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Calculating Quantities in a Query?

  1. #1
    chohan78 is offline Novice
    Windows 7 64bit Access 2010 32bit
    Join Date
    Jan 2015

    Calculating Quantities in a Query?

    hi, I have a quantity field in a tools table and i want to know that if i issue a tool then system will update the quantity automatically and show me the remaining live balance? i want to create a query and then form based on this.


  2. #2
    JoeM is offline VIP
    Windows 7 32bit Access 2007
    Join Date
    Jun 2012
    Is this a calculated field?
    What exactly does the calculation look like?

    All calculated fields are dynamic, so their value should update as the values that the formulas use change.
    You should be able to confirm this with some simple testing.

    By the way, you will find that many users (myself included) never use the calculated field option in tables, and instead do the calculated fields in queries. This is a fairly new option in Access, and is limited and is not compatible with any other database program (SQL, Oracle, etc). No other ones allow this, so if you ever needed to convert your database from Access to one of these other programs, that part wouldn't work.
    Using Access 2007
    Proficient in Access, Excel, VBA, and SQL

  3. #3
    chohan78 is offline Novice
    Windows 7 64bit Access 2010 32bit
    Join Date
    Jan 2015
    Can we create a calculated field in a table or only in query?

  4. #4
    kd2017 is offline Well, I tried at least.
    Windows 10 Access 2016
    Join Date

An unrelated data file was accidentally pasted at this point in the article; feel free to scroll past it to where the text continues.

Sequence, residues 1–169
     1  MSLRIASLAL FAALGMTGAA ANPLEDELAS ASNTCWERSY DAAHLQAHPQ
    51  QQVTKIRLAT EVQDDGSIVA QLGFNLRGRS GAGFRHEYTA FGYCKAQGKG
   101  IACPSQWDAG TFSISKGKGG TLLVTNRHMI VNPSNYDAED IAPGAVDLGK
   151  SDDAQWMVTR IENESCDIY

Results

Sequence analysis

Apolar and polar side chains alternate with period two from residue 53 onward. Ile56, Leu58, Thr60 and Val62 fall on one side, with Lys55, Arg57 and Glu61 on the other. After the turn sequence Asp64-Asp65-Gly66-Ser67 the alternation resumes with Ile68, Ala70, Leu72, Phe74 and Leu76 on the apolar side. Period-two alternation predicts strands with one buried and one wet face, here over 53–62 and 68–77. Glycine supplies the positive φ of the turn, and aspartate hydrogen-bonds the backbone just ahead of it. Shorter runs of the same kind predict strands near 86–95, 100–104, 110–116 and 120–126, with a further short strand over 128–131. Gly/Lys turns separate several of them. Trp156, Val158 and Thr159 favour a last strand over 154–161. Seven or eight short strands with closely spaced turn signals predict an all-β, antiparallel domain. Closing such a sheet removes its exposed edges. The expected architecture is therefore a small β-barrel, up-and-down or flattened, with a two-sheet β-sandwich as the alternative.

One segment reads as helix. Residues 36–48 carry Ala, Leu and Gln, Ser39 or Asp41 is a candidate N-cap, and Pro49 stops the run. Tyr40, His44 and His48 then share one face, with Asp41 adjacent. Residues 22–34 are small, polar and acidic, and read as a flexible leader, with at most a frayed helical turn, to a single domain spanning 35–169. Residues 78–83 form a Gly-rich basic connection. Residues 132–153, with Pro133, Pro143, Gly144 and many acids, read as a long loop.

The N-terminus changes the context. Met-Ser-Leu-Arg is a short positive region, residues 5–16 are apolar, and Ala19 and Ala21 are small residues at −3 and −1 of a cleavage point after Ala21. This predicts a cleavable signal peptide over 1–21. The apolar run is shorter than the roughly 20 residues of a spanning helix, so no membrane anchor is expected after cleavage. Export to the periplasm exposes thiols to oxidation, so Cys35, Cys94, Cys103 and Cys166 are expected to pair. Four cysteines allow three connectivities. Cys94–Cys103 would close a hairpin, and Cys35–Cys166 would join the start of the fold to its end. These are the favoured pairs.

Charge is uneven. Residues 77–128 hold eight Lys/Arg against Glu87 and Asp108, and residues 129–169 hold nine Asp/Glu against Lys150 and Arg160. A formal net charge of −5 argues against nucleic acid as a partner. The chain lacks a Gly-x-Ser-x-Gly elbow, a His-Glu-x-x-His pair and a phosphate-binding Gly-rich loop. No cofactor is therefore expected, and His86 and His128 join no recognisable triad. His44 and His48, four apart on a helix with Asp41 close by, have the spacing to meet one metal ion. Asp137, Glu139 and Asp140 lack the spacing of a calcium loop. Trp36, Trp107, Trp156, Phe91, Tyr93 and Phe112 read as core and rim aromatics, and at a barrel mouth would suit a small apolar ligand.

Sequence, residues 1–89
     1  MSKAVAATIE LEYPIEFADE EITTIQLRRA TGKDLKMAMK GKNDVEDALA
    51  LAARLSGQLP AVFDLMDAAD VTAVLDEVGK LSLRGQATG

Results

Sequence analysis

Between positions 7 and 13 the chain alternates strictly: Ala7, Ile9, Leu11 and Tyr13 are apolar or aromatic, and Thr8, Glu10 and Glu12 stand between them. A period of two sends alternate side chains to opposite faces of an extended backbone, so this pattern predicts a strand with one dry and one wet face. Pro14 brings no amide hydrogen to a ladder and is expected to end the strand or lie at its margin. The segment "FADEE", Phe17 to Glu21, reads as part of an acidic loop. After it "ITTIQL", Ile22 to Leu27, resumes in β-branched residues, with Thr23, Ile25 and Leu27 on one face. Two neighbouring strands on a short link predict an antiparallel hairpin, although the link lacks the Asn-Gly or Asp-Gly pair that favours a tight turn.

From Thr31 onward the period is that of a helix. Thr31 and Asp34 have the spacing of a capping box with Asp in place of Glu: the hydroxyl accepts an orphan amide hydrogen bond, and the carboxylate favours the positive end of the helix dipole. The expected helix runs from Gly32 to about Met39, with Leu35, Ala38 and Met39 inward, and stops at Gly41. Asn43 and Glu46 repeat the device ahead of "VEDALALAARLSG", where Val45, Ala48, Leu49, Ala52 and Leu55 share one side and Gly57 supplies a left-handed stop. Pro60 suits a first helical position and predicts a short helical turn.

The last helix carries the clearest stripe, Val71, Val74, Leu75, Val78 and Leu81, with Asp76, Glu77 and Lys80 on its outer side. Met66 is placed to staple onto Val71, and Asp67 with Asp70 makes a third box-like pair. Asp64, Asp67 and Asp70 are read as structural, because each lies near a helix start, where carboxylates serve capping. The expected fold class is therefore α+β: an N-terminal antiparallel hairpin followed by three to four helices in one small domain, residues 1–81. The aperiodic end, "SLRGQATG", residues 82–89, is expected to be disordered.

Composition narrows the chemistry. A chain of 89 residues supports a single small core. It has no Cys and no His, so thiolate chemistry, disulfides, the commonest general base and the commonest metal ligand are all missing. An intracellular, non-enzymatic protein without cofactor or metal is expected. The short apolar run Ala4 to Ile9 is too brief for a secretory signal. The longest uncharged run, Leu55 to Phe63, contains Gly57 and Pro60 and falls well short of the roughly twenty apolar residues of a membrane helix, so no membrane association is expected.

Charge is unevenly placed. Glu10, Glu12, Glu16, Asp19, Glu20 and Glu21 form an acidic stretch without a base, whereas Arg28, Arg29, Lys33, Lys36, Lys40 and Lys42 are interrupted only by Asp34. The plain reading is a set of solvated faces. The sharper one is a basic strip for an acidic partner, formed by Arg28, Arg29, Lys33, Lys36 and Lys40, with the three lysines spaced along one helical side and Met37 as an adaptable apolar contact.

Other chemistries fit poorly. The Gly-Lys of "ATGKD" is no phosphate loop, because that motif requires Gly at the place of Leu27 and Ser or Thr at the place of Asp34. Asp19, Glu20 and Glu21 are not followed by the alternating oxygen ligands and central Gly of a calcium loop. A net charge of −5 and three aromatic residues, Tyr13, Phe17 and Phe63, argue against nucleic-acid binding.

Jul 2017
    Calculated Fields

    How do you get Access to store the result of a calculation?
    For example, if you have fields named Quantity and UnitPrice, how do you get Access to write Quantity * UnitPrice to another field called Amount?
    The best answer is, "Don't!"
    Calculated fields belong in queries, not tables.

    Calculated columns are part of life on a spreadsheet, but do not belong in a database table. Never store a value that is dependent on other fields: it's a basic rule of normalization. Break the rule, and you have to worry about how to maintain the calculation correctly in every possible circumstance.
    Ask yourself, "Would it be wrong if my field contained a value different from the calculation?" If you answer Yes, you must not store the field. If the difference would be meaningful, you do need the field.
    So, how do you get the calculated field if you do not store it in a table? Use a query:

    1. Create a query based on your table.
    2. Type your expression into the Field row of the query design grid:
      Amount: [Quantity] * [UnitPrice]

    This creates a field named Amount. Any form or report based on this query treats the calculated field like any other, so you can easily sum the results. It is simple, efficient, and foolproof.


    Even more serious, the calculated results (in a table) are not reliable. If you change the Expression after data has been entered into the table, the existing results may not be updated correctly (through new records are edits are updated), so you cannot rely on the results. A compact/repair does not recalculate, so there is no obvious way to repair the bad results.
    Since you cannot index calculated fields anyway, there is no performance benefit to be gained from using them. You are violating fundamental rules of data normalization for no good purpose. We recommend you use queries for calculated fields, just as in previous versions.

Please reply to this thread with any new information or opinions.

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